Those early days on the road had paid off. My fledgling company rode the wave of the nineties’ economic boom perfectly. Eventually, we were swallowed up by a large competitor, with the core staff getting either a nice payout or a promotion. I had gotten both…all the way to CEO. Today, my driving was simply the daily commute and the occasional
meeting. Over time I had redeveloped the patience one needs to navigate the increasingly clogged roadways.

Now I taxed my memory for few seconds, trying to recall if maybe I’d cut off the SUV earlier down the road, or if maybe I did know the driver, if there were some
equation just outside of my grasp that would explain the situation. That would explain why this guy was…

Ahead, the traffic light at the upcoming intersection turned yellow. It would be red by the time we arrived.

I would have to stop.

As would the SUV in the lane beside me.

For a second I thought, maybe…I hit the accelerator, but backed off. It would be more than running a red light. It would likely put me directly into the cross traffic. Instincts, years of driving experience took over. Better to come to a stop and see what would happen next.

In hindsight, I probably should have taken my chances with plowing through the intersection.

I rolled the BMW to a stop, nosed slightly into the intersection. To my right, I saw the SUV, and for a second thought that he would barrel through the intersection as he was coming in hard. But he slammed his brakes to a hard stop and was stuck out a bit farther into the intersection than I was. I looked up at the traffic lights, trying to see if the cross traffic’s was still on green or if it had gone yellow. Still green. I checked my watch, suddenly realizing I’d promised Suze I’d stop by Shaker’s Deli to pick up some dinner. I tried to recall if I’d just passed Shaker’s or if it was up ahead. Suze would probably want something garlicky. I was in the mood for spicy. Between her breath and my stomach noise, we’d both have something to bitch about after sleeping together, I thought.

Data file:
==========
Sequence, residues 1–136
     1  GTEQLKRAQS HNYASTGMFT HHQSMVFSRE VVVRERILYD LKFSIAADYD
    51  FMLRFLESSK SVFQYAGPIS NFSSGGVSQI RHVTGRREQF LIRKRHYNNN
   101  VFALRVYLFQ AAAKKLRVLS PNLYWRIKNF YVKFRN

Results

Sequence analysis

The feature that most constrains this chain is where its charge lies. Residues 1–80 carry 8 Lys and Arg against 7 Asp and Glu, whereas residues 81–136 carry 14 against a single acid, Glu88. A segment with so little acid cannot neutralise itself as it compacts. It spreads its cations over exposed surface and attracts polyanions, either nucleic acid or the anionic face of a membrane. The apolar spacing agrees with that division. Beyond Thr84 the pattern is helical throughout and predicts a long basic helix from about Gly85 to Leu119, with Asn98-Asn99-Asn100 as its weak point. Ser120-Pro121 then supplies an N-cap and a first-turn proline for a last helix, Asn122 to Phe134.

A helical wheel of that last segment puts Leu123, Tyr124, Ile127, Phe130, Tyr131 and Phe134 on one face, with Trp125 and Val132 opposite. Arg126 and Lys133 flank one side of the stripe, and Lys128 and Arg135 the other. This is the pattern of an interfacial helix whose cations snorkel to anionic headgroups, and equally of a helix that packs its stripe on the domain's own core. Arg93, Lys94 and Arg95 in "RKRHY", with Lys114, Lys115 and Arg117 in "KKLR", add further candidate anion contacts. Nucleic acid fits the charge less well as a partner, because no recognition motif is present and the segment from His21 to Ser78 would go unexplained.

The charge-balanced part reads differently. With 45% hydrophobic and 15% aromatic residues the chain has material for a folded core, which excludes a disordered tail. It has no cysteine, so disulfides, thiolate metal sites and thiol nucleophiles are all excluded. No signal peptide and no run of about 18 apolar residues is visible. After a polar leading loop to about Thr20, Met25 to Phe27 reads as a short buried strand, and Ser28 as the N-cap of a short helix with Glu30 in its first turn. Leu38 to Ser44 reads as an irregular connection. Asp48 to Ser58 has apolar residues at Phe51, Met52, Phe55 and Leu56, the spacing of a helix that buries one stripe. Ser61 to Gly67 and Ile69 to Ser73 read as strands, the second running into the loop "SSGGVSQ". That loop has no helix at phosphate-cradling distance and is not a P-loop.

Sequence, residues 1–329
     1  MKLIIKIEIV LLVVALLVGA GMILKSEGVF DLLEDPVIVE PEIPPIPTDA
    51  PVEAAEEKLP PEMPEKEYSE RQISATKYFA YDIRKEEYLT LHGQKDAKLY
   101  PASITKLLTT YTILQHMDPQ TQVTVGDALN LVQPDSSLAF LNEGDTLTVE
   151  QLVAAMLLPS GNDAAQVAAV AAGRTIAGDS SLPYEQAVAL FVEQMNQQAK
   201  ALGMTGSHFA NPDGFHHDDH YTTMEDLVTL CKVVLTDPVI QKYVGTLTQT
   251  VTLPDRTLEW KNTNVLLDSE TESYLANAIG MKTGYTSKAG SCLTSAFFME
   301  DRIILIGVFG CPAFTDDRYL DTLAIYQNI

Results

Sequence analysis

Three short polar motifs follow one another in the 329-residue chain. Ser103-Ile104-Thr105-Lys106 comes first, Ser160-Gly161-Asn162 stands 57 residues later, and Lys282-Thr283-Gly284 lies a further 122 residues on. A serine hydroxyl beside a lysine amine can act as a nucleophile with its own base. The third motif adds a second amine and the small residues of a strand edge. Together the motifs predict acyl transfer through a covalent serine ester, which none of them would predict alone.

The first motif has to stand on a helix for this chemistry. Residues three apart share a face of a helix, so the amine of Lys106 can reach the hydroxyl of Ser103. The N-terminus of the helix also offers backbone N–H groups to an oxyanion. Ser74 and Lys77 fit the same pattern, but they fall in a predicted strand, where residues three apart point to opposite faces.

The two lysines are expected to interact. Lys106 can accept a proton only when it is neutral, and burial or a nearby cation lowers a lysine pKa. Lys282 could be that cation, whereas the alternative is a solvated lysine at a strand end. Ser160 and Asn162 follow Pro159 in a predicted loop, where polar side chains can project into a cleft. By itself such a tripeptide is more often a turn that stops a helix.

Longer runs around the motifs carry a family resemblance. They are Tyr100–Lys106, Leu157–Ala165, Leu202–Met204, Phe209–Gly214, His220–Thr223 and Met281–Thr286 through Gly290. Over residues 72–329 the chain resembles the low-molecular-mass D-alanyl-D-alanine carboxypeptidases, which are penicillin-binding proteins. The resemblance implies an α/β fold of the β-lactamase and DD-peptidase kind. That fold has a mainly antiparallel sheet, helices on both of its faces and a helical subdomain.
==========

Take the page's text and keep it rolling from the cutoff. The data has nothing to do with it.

Then I realized that the driver of the SUV had been screaming at me from inside his car. I looked over, looked away, then looked back. He was snarling. I couldn’t see his eyes, hidden behind the reflective sunglasses, but I imagined they were wide and fierce. The man was screaming, though on the other side of the

window and his slightly tinted side

could hear only the faintest of sound, mostly when the man’s yelling reached higher notes. For a second, I nearly rolled down my window in a twisted effort to be polite and hear the other side of the conversation. Instead, I looked ahead again to see if the light was near changing. I really didn’t have the time for this.

Then I heard his driver’s side door open, music from inside pouring out onto the street like smoke. The man was coming out.